Dismiss Notice
Hello Guest!
We are glad you found us, if you find anything useful here please consider registering to see more content and get involved with our great community members, it takes less than a minute!

Featured How to Socialize your new Doberman Pinscher pup.

Discussion in 'Doberman Puppies' started by Dobified, Apr 13, 2009.

  1. Dobified

    Dobified Jr Member

    I wrote this some time back but thought it would be useful here. :)

    So you got yourself a new puppy or dog and you want them to become a well adjusted canine citizen, socializing them in many different ways is one of the keys to having that awesome dog that is well adjusted and more importantly a happy dog.

    So where do you start ? Start socializing at home, get you pup use to new noises in the house. The banging of pots and pans can be scary at first so while you cook keep you dog/pup in the kitchen while you make normal noises, remember to always add praise and talk to your pup normally. Never coodle a pup you want everything to seem normal to them coddling can have a negative effect re-enforcing that the pup has something to be scared of. Do everything as you normally would.

    Have the radio on and/or the TV on, this helps to soothe with background noise. It is a good idea to have a radio playing sogtly at night where you new pup sleeps to ease any seperation anxiety your pup may be feeling.

    Once properly vaccinated for parvo and other diseases:

    The most important way to socialize your new pup/dog is to enroll in obedience classes. This is an awesome way to socialize your pup or dog. They learn in a class enviroment that people and dogs are OK. It is also the best way to teach your new pup/dog the manners it needs to be a good dog!

    Take your pup everywhere you go, take him for walks to a park, keeping him on a leash but allow people all kinds of people to play with your pup and pet your pup, this will allow your pup to see people are good and nothing to fear. Allow people with dogs to approach and let your pup sniff them, if at all possible allow your puppy to play with these dogs/pups this teaches your pup that other dogs are OK. It is a good idea to keep your pup on leash at first for several reason but most importantly is so that your puppy learns that being on a leash is OK and that when a new dog approaches it is ok. Leash aggression can be a big issue with dogs not properly socialised on a leash at a young age. Get him use to the sight of bicylces, skateboards and people pulling wagons with childre in them.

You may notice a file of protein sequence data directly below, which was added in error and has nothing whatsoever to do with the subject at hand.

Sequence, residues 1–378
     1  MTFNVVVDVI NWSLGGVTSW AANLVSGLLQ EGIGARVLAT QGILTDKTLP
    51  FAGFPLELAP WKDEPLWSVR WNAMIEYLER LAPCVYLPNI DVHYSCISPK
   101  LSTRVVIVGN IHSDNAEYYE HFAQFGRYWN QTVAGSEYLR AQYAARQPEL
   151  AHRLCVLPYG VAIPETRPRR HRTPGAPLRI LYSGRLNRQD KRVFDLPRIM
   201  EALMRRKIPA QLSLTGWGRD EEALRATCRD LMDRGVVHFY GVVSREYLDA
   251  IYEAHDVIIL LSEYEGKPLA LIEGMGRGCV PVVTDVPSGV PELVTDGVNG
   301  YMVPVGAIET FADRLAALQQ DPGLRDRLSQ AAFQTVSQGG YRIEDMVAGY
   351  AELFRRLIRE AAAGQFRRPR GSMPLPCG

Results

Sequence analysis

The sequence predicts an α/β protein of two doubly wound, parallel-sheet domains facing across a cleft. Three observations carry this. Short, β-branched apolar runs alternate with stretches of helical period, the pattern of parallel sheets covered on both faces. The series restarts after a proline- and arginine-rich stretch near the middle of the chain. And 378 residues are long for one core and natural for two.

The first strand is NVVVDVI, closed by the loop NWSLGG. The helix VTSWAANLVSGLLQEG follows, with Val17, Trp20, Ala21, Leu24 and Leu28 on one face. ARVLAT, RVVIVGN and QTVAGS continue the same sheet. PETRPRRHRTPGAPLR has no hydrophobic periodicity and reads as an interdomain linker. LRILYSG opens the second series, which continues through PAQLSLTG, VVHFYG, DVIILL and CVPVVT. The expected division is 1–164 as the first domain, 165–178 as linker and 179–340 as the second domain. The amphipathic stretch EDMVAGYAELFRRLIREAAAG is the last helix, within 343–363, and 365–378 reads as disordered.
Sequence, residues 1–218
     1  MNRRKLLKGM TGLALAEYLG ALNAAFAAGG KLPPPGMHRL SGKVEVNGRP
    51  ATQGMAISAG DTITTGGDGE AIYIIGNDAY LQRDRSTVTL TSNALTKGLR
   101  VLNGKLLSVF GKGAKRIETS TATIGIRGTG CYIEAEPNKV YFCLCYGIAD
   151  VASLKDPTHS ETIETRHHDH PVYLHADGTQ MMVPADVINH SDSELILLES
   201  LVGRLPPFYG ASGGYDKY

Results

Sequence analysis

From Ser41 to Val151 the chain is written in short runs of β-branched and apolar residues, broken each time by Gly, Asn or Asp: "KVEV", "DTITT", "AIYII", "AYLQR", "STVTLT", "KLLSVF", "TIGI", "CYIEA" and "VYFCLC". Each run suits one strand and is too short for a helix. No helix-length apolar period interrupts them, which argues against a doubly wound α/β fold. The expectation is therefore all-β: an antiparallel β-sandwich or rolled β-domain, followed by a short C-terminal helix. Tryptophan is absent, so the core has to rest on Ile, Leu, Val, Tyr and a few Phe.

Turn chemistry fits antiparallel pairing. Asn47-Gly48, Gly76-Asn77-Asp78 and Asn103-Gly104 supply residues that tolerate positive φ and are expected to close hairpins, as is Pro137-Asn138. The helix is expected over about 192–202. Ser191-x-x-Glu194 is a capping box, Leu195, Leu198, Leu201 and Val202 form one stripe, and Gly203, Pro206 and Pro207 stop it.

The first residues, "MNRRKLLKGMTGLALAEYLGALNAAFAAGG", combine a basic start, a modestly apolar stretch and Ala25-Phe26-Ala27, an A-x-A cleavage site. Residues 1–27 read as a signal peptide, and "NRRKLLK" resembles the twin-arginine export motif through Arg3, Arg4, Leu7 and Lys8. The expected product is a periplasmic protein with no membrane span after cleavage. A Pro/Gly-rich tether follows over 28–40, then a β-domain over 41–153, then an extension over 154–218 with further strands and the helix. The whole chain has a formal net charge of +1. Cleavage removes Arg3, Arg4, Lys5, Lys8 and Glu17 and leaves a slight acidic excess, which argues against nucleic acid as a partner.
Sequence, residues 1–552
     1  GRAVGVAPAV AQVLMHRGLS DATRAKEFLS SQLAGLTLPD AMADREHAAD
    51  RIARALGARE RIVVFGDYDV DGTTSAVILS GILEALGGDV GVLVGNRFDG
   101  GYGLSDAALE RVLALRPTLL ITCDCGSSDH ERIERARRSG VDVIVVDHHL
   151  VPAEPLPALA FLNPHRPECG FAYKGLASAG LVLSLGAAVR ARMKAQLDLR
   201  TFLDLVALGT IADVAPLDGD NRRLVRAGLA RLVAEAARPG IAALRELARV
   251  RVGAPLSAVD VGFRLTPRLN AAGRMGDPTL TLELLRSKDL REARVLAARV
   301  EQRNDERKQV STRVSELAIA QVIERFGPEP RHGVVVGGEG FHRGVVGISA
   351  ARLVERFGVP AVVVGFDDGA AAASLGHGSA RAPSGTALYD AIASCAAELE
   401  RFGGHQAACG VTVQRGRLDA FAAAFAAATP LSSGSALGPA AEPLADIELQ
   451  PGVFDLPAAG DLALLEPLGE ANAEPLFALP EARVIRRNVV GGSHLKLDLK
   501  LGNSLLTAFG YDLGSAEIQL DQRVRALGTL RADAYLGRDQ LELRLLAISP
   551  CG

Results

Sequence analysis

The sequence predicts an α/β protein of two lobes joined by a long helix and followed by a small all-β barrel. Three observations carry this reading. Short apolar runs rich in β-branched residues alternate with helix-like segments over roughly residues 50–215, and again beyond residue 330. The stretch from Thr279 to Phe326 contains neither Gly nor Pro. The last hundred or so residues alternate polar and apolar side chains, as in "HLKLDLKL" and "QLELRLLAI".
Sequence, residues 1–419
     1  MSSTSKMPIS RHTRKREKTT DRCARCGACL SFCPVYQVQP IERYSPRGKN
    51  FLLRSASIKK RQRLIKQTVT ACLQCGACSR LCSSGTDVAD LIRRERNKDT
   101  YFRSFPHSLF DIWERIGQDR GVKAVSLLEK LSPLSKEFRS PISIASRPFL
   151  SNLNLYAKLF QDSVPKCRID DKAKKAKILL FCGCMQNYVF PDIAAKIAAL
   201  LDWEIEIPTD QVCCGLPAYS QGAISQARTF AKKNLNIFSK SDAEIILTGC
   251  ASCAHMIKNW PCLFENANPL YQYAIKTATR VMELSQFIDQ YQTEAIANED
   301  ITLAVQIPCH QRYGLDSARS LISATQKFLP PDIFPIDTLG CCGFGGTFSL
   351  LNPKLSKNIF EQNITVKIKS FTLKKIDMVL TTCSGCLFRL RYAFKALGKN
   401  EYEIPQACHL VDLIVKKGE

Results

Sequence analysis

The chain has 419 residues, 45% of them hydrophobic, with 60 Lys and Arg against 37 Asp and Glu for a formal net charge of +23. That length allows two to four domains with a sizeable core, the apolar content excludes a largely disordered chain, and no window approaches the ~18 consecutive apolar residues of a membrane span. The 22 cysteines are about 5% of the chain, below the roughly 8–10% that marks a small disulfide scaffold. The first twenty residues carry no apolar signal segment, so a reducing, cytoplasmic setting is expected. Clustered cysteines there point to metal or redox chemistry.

Take your pup to a place where there are lots of children. Socializing with children is one of the most important advantages you cna give your new puppy. Pups learn that children of all ages are fun to be with and of no harm to them. This is so important, too many adult dogs never got the chance to learn children are good and have bitten children when they are older which can mean a death sentence to the dog. If you have friends with children young and/or older take the time to let your puppy play with them, supervised of course but the more your pup plays with children the better adjusted he/she will be.

    Take your puppy for car rides, but never leave your puppy unattended in the car. In the summer a car heats up very fast and leaving your pup in the car can cause heat exhaustion and ultimately death.

    Take your pup/dog to the beach. Allow you pup the fun of playing in the water and on the sand, This is always a very fun way to play with and socialize you new dog and pup.

    If you can take your pup to a farm to meet other animals such as horses. This is a great way to desensitze your puppy to other animals it may encounter over it's lifetime.

    Take your pup/new dog to petstores that allow dogs. This is another great way for him to get use to people, children and other animals.

    Get him use to loud noises such as clapping, popcorn popping, cars honking and other louds noises. With noises act as if everything is normal it may take some time but be patience and understanding but do not coddle just praise when the pup is calm and go about doing what you were.

    The more you do with your pup/dog, the more places you take him, the more people, dogs children and animals he meets, the more adjusted he will be and the more able he will be to handle new situtations he may find himself in later on in life.

    Best wishes with your new puppy/dog.
    • Like Like x 8
  2. DobesMom

    DobesMom Member

    Great thread!!
    Remodeling a bathroom works too. :D (saws, hammers, weird things where they don't belong, shop vacs, etc. )
    Emmie seems nonplussed. Her breeder really did a fabulous job. This girl is personifies self confidence!